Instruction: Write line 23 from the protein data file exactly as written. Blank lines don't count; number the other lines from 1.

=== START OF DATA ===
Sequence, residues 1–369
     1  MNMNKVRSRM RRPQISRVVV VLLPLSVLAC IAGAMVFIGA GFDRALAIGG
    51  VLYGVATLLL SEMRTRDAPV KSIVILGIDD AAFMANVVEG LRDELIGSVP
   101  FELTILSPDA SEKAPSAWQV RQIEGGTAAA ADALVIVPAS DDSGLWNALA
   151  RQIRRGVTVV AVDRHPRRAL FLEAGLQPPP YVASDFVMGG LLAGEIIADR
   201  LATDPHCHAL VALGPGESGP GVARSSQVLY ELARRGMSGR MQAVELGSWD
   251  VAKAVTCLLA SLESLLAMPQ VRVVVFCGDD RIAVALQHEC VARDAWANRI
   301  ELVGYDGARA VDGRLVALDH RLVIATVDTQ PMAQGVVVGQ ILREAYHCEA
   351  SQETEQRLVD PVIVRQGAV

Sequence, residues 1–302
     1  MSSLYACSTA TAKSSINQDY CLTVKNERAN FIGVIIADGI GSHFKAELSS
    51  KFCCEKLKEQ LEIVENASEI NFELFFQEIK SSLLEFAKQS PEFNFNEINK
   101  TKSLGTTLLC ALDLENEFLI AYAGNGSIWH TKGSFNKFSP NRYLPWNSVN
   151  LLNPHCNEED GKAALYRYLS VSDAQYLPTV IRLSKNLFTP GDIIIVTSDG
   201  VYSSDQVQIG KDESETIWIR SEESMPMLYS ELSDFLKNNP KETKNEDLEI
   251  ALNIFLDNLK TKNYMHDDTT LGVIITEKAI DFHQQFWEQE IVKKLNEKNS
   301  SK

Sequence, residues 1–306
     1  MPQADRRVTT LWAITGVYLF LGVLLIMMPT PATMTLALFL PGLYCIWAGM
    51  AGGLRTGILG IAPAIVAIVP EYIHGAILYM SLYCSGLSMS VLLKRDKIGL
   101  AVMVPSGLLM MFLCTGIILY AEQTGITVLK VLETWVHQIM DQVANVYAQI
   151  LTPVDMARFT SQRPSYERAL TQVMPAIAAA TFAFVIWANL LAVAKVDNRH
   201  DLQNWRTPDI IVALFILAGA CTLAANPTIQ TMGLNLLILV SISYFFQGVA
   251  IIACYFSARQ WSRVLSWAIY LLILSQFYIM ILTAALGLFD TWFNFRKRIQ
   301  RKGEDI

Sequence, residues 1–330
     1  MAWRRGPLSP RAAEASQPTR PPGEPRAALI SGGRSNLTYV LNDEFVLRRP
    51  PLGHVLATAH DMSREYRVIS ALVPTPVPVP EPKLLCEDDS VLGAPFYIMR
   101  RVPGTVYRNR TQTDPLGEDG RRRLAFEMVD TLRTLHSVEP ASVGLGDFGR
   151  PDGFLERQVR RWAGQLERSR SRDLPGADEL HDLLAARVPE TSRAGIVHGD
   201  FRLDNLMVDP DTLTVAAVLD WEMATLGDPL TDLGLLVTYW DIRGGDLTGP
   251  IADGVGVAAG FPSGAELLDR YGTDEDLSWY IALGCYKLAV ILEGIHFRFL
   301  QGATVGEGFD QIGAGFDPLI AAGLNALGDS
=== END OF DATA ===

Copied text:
   201  DLQNWRTPDI IVALFILAGA CTLAANPTIQ TMGLNLLILV SISYFFQGVA